I was lucky enough to bump into my friend from the Public Affairs Office (PAO). We were staying in the same tent, and he was standing just outside of the entrance. The crazy bastard was trying to take photographs in the sandstorm. I told him that it was useless, but my warning was an epic failure. As I opened my mouth to yell at him, sand quickly began to fly into my mouth and fill it. I gave up and fought my way into the tent. I finally removed my sand covered sunglasses and found my body covered in sand from head to toe. Sand filled every crack and crevice in my clothing. I began a rapid fire barrage of spitting to get all the sand out of my mouth. I removed my clothes to shake off all the sand trapped in them. The PAO officer finally gave up his pursuit of a sandstorm picture and returned to the tent. I spent the rest of the night in the tent.

Regarding the Manga and Anime availability, it was pretty bad. The PX (Post Exchange) is even smaller than the one near Roswell. They had only two manga titles. One was Death Note (デスノート), and the other one was Vagabond (バガボンド). I couldn’t find much anime here. However, I did find a single issue of Otaku USA. The shrink wrap was already opened, and it looked like someone already flipped through it. I bought it anyway. Slim Pickens. Hey, beggars can’t be choosers.

Tuesday, June 16, 2009

Part I: Otaku War Journal: Did you find any Xilians today?

Somewhere Near ROSWELL – After much consideration, I’ve decided to blog about my military deployment abroad. However, I am only going to write about my experiences in relation to my geeky otaku lifestyle (see disclaimer at the end of post).

With the ground rules set, let’s begin…

Regarding the Manga and Anime availability, it was okay. The PX (Post Exchange) is the military’s version of Wal-mart. It’s a department store that sells all types of products for inexpensive prices. I perused the magazine and book section for any manga. The selection is small. They had several anime and manga related magazines like Anime Insider and Shonen Jump. The PX also carried some of the more popular manga titles like Death Note (デスノート), Naruto (ナルト), and Vagabond (バガボンド). The video section carried more interesting stuff like Serial Experiments Lain (シリアルエクスペリメンツレイン) and Gunslinger Girl (ガンスリンガー•ガール). I’ve seen most of that stuff already, and the other stuff didn’t interest me.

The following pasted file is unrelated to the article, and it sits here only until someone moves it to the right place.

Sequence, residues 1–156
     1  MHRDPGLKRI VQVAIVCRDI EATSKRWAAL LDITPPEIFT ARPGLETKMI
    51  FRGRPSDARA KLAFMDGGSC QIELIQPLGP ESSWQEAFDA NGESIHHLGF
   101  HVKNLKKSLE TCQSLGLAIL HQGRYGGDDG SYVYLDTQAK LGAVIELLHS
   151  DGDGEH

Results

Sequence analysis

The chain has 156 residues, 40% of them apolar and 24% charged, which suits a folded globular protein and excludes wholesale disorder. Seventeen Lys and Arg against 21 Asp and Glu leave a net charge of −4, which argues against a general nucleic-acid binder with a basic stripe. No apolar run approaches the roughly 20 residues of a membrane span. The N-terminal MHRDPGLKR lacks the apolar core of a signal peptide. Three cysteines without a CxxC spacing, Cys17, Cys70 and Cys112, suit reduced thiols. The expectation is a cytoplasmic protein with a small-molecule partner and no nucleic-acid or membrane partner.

Although we did not train with them, the Japanese Ground Self-defense Force (JGSDF) lived down the road from me. You know the army that tries to repel Godzilla in every kaiju movie since the beginning of time. I always ran into them at the DFAC (military lingo for cafeteria), and I had the opportunity to meet some of them. They were really cool cats. I later realized that we were not too far from Area 51. I wanted to ask them if they were looking for the Xilians, but my Japanese is horrible. Damn it, I missed so many good opportunities because of my weak ass Japanese. By the way, how does one say, “Did you find any Xilians today?” in Japanese?


For the Gov-Spooks: This blog is mostly about Asian pop culture. It does NOT contain anything regarding operations or intelligence. It does NOT have specific locations, units, names, or times. It does NOT have any sensitive photographs from any government installation. All posts are published well after the conclusion of their happening in order to mask actual dates and reduce the risk to operational security.